(The Root) β€” The award-winning Web series The Misadventures of Awkward Black Girl is back with a vengeance, and what appears to be a lot more money. Co-creator Issa Rae returns in the second season as J, the awkward black girl, making her way through life one awkward step at a time. The usual suspects are all there: CeCe (Sujata Jay), her hip-hop-dancing co-worker and confidant; J's nemesis, Nina (Tracy Oliver), who puts the "b" in the "b-word"; J's hovering failed hookup, A (Andrew Allan James); and J's former semi-flame, Fred (Madison T. Shockley III), whom she dumped for White Jay (Lyman Johnson).

If the relationships sound awkward and complicated, it's because they are absolutely awkward and complicated. Rae and co-creator Oliver have managed to pull together life's most awkward moments and weave them into a story that resonates with anyone who has ever felt out of place.

In this season's premiere, "The Sleepover," J is still the odd woman out at work (pun intended), being forced to partner with her nemesis on a work project and misidentified as a lesbian by co-worker and series newcomer Logan (Giselle Ramirez) based on her androgynous attire. J is also already feeling awkward about her "three-week-iversary" with White Jay, whom she has yet to bed, much to CeCe's chagrin. If that weren't enough angst, J must contend with what looks like the budding friendship of her "exes" A and Fred. Can you say "awkward"?

Not much has changed, including J's life soundtrack, which she describes as "still ratchet" and is interlaced with a copious amount of cusswords and slurs. J is "NSFW," as indicated by her bright-red T-shirt in the opening scene. Her dry, self-deprecating humor is constant, and her life at work is still as drab as her boss-mandated black-and-gray dress code.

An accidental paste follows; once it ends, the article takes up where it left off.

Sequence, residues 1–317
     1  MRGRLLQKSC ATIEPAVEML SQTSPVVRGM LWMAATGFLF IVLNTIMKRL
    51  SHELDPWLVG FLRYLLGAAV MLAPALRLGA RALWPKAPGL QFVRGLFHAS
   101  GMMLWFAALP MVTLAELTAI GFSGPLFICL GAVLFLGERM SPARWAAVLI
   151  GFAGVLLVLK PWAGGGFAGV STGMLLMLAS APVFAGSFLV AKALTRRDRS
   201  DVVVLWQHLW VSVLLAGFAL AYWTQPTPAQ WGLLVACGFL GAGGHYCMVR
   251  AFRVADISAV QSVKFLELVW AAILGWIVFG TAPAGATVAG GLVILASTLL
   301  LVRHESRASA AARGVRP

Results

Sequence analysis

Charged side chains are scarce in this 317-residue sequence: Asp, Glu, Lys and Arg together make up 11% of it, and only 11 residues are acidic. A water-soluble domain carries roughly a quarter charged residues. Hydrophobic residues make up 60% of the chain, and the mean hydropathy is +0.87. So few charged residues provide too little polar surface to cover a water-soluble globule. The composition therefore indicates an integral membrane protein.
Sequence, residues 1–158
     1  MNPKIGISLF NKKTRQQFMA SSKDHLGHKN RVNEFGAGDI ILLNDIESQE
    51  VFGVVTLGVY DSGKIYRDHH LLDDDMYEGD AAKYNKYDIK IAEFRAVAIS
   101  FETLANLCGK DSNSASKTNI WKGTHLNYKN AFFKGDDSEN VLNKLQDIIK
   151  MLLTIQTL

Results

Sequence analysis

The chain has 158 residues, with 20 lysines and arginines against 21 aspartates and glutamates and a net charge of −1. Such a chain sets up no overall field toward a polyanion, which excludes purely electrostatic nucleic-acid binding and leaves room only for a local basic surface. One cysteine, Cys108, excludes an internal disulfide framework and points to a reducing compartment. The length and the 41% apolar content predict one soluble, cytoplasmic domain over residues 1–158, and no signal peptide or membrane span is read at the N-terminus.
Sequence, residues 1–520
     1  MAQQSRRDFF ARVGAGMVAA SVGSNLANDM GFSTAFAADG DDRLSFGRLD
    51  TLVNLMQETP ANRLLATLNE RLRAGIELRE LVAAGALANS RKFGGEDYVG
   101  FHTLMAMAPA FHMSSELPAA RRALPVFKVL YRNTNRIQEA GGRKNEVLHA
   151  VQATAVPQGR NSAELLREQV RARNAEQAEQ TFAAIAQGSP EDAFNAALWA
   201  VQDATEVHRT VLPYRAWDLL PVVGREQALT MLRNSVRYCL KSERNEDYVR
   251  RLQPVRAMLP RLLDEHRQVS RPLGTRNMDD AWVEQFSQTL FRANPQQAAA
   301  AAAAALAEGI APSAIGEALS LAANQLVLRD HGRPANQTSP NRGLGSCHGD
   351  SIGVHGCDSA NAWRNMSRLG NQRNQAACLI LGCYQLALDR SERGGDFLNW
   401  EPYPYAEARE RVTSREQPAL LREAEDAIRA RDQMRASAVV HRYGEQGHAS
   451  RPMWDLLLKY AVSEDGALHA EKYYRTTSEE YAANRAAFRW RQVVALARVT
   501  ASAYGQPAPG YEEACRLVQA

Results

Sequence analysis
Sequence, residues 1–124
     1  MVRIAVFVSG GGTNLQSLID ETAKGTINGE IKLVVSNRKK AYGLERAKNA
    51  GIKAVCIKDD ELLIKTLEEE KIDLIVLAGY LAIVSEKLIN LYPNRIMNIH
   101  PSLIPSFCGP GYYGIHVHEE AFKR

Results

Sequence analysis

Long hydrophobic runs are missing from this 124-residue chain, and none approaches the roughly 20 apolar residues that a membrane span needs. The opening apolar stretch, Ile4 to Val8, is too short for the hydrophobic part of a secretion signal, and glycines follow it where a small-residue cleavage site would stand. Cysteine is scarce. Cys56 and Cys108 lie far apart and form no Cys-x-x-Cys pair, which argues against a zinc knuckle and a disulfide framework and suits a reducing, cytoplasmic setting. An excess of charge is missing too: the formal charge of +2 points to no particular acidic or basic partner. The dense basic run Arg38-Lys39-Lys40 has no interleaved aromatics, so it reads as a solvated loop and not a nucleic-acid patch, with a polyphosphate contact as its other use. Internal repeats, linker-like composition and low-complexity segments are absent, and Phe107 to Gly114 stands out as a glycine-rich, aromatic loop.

J and CeCe's chemistry is undeniable as they hate on Nina, aka "the Kinky Twisted Kraken," with CeCe suggesting that they "scratch her scalp and put a perm on it." Gone is J's clueless, ΓΌber-happy boss lady, who has been replaced by the overzealous Jesus, who drops sniglets like "teffort" β€” a combination of "team" and "effort" β€” as his way of motivating the staff.


Also new about the series are its production values, which seem to have a better look and sound. The writing is raunchier and sometimes makes you wonder if J is awkward or just a mean girl in disguise.

Rae and Oliver have partnered with super-producer Pharrell Williams' YouTube channel I Am OTHER, which is now hosting the series. Viewers will have to wait until July 12 for the next episode to see if J consummates her relationship with White Jay. If the premiere β€” with its improved writing, direction, production and overall performances β€” is any indication, the second episode might be worth the wait.

Nsenga K. Burton, Ph.D., is editor-at-large for The Root. Follow her on Twitter.

Nsenga K. Burton, Ph.D., a media scholar, is digital editor in chief at Grady Newsource and a faculty member of the Cox Institute of Journalism, Innovation, Management & Leadership at the Grady College of Journalism and Mass Communication at the University of Georgia. She is founder and editor in chief of the award-winning news blog the Burton Wire. Follow her on Twitter here or here.